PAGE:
Five New York Army National Guard Soldiers from the 369th Sustainment Brigade will travel to France to take part in World War I centennial commemorative events Sept. 19-26, 2018.
The 369th Sustainment Brigade carries the lineage of the 369th Infantry Regiment; a segregated African-American National Guard unit from New York City which distinguished itself in combat during World War I.
The 369th Soldiers will be taking part in World War I commemorative ceremonies along with representatives from Active Army, National Guard, and Army Reserve units which fought in World War I, reports source.
Detachments from the New York National Guard’s 42nd Infantry Division and 27th Infantry Combat Brigade Team have taken part in previous commemorations.
During World War I the 369th Soldier’s bravery and skill in combat earned them the nickname Hellfighters from the Germans and they carried the nickname Harlem Hellfighters back home with them.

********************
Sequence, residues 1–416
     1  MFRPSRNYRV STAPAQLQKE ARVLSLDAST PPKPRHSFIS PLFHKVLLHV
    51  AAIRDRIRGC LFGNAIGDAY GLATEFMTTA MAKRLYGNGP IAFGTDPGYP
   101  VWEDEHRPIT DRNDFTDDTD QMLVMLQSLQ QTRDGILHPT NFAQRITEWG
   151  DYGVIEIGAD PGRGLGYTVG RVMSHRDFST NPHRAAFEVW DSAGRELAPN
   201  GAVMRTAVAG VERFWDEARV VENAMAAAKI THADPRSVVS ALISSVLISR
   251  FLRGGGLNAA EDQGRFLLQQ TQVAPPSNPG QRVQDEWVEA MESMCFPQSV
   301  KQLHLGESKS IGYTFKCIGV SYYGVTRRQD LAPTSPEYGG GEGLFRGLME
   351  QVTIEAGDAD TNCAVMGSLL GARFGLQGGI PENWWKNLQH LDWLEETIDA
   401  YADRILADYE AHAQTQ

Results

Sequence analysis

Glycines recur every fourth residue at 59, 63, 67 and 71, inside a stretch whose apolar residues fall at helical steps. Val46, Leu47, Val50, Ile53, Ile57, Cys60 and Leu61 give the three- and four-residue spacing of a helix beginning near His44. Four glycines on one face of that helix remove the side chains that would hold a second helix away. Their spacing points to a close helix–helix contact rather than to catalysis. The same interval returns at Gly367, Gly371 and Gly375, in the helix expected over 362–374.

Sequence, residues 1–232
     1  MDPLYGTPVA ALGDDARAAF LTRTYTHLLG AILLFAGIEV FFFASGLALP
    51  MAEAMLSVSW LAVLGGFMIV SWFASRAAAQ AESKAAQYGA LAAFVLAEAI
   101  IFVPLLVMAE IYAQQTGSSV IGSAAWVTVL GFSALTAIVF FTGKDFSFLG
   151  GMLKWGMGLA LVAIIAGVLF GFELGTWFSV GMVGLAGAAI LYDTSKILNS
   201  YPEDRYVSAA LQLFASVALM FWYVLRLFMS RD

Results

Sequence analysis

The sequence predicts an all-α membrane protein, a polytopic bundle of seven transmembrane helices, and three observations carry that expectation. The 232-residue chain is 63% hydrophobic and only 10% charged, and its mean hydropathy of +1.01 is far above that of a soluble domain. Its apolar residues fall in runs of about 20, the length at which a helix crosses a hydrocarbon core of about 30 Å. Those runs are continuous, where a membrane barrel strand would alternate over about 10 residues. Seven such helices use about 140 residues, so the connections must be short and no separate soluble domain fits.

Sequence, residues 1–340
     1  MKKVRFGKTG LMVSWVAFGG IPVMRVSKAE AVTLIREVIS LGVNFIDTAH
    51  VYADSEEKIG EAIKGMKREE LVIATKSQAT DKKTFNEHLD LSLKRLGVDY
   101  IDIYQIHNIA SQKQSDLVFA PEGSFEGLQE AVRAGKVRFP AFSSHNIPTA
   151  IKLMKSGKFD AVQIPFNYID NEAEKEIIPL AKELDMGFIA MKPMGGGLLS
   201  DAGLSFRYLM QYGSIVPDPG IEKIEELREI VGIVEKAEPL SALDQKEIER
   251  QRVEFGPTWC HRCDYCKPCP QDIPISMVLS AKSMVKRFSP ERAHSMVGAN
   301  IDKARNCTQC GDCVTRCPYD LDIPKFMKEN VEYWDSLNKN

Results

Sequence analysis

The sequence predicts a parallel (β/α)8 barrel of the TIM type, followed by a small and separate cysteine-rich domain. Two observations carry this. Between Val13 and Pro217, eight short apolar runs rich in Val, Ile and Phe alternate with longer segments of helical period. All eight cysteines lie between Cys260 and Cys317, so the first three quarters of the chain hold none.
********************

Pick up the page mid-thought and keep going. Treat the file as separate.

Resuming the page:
During their campaign in World War I the 369th Soldiers were present in the battles at Champagne – Marne, Meuse – Argonne, Champagne, Alsace and were in action for 191 days, the longest of any American unit and suffered about 1,500 casualties, also the highest of any U.S. regiment. The unit fought as part of a French Army division.
The units Soldiers received 171 individual medals from the French Army and the regiment earned a unit award of the French Croix de Guerre.
“There is a lot of history in the brigade overall, we went to every deployment this nation requested us to go to from World War I,” said Andrew Lampkins, the Command Sgt. Major of the 369th Sustainment Brigade.
Photo credit Soldiers of the New York Army National Guard’s 369th Infantry Regiment arrive back in New York harbor on Feb. 12, 1919 after serving in France during World War I. The 369th was an African-American unit in a segregated Army which had served under French Army command but earned so many awards for heroism that they became known as the Harlem Hellfighters. Photograph via source
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